Second, Russia – still having a huge stockpile of nuclear weapons but economically shattered, still holds the strongest challenging position to U.S nuclear policies. The Russian Duma took considerable time to ratify START II in the backdrop of existing shadow of the cold war in the country. The Russian belief that the ambiguous U.S stances and its confrontational approach with reference to NATO expansion coupled with its projection of moral superiority against Russian Federation and former Warsaw Pact member countries, in fact, create opacity between U.S and Russian understanding on international affairs. Its externalities have serious ramifications in future as the Russia’s nuclear arsenal along with its command and control infrastructure is in deteriorating condition. It is assumed that 70 percent of Russia’s early warning satellites are either past their designed operational life or in serious disrepair and 58 percent of Russia’s ballistic missiles are well past their operational life span. Ageing early warning radar may erroneously indicate nuclear attack by the U.S. Further, the so called pilferage of nuclear know-how technologies and fissile material into the wrong hands from the idle personnel of shut down nuclear facilities in Russia have larger international implications.

Even in such volatile circumstances, neither the U.S nor Russia has been willing to expedite any treaty negotiations and their implementations. Instead, the gulf between these two countries is widening in recent years over the issues like NATO expansion, Theatre missile defences, transfer of nuclear technologies, Kosovo, and Chechnya. And all these factors together have jeopardized any resolve on Anti-Ballistic Missile (ABM) Treaty between the two countries. More or less both of them are hesitating to take the lead on any disarmament issue.

Third, China (being an important component of global policy-making on nuclear weapons), instead of refraining from further nuclear armament, has been forthrightly justifying retention or modernization of its nuclear forces. Though it has its credit for signing NPT and consenting for CTBT, even after the conclusion of NPT-1995, it conducted nuclear tests towards the end of CTBT negotiations with scant regard for world opinion. Despite espousing a “no use” (against NNWS) and a “no first use”(against NNWS) policies, China probably relies more on the position of “limited deterrence (to have enough capabilities to deter conventional, theatre and strategic nuclear war, and control and suppress escalation during a nuclear war). Till now China has not participated in arms control negotiations like START. Though, high in principled lip services, it has been maintaining an ambiguous position on comprehensive nuclear disarmament issues. More so, China’s prime intention is to see the US and Russia to cut down their stock sizes through legally bound treaties to a level to match own holdings and simultaneously seek to cap and roll back India's nuclear and missile programmes. Also, China with its stronger nuclear holdings tries to dominate the Asian affairs. Though the last mile is still too long for both the US and Russia in cutting their nuclear stock sizes, the US definitely would think otherwise to keep China engaged elsewhere. As far as Chinese intention towards India is concerned, China would rely more on the inter-national rituals rather than genuinely endorsing the Indian grievances.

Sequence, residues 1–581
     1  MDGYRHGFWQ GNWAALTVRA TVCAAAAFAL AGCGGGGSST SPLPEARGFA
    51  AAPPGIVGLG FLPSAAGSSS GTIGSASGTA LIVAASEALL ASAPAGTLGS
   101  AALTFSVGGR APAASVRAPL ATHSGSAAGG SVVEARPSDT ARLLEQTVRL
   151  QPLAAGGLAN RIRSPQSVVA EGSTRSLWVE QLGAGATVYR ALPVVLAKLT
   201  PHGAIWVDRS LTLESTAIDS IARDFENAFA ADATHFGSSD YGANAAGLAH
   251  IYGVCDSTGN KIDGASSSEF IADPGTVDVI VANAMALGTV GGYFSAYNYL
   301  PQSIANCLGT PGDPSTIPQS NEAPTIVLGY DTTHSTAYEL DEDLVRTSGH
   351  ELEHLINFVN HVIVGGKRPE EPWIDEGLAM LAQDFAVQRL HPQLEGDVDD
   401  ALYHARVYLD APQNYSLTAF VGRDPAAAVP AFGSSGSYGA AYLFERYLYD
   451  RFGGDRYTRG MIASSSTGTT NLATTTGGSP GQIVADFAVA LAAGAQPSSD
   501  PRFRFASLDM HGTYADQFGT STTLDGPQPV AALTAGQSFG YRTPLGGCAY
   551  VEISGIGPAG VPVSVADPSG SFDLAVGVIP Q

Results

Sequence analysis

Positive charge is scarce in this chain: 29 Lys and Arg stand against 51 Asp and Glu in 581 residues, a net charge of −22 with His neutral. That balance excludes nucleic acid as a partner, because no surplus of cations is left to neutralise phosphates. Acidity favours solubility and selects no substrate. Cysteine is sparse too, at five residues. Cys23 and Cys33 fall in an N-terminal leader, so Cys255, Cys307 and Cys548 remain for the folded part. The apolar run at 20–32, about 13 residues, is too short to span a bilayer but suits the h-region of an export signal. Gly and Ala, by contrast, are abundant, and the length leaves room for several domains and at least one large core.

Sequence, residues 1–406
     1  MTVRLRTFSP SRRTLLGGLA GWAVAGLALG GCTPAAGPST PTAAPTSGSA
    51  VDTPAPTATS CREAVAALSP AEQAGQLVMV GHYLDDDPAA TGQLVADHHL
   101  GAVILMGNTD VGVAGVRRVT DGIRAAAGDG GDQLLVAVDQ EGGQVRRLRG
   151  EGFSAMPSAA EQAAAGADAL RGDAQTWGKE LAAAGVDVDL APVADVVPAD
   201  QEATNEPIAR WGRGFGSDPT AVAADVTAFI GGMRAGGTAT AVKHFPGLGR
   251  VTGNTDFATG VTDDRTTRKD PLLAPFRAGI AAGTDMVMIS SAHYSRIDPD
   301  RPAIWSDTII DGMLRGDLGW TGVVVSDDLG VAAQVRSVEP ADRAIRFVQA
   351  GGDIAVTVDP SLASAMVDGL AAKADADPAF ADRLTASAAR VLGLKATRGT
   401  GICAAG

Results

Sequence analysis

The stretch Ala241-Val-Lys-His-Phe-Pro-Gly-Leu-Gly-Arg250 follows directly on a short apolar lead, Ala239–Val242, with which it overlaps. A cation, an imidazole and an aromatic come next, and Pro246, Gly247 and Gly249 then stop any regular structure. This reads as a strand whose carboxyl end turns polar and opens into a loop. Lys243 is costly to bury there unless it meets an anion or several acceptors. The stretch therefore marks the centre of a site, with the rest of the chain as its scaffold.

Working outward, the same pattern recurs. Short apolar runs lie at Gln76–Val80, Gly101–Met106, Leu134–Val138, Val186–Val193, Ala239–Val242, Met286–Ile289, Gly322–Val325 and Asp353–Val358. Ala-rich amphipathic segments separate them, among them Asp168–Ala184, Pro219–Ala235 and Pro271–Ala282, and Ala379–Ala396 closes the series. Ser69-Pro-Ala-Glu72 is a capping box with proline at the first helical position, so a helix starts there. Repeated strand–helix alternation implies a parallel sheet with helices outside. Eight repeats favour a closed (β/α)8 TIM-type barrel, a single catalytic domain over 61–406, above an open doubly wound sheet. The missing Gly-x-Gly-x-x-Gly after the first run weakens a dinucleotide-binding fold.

Fourth, like China, the UK and France have shown little interest in joining any arms reduction dialogue. Despite being a party to NPT, after the NPT REC 1995 France broke its moratorium to conduct a series of nuclear tests. However, later it ratified the CTBT. The future response of these two nations depend more on the US agenda because on most of the international issues they share the same view against Russia, former Soviet allies or for that matter against China.

Finally, in the South Asian regional environment, the adversaries not separately but jointly act against India. Pakistan has been acting and responding to the Chinese meticulous inter-national plans quite swiftly. Since long, China has recklessly been providing with nuclear and missile technology to Pakistan. In fact, Pakistan has been behaving in a manner that definitely exceeds its strategic defence requirements. Even in past, India has faced belligerent behaviour of both its neighbours- China and Pakistan. This has been raising the prospect of an arms race breaking out between India and China.

The compulsions ahead:

China along with the other P-5 states themselves is openly pursuing a vertical trend in nuclear armament. At the same time, they criticize the Indian efforts towards achieving even “ credible minimum nuclear deterrence”.The official version of Indian defence build up is not devoid of its global mission of complete elimination of nuclear weapons from the earth. This two-track policy approach is perhaps the reflection of the deceptions posed by the P-5 states that New Delhi goes through. India's opposition to the NPT and CTBT based on the argument of these arrangements being  discriminatory, inequitable, non transparent; and; non compliant to any time-frame, kept India out of the NPT Review Conference 2000 at New York. Also, south Asian security environment is not clearly conducive to Indian peace and tranquility. Despite periodical denials of a nexus against India by both China and Pakistan, the reality speaks something not supportive to Indian foreign policy interests. And to face the realities of new international security dynamics, India needs to come out of its mental blockade on openness in defence desires and aspirations. But all it needs in time is clarity of thought on long term goals and the national interest perspectives. After all, India has along way to go fighting against such unjust and inequitable orders.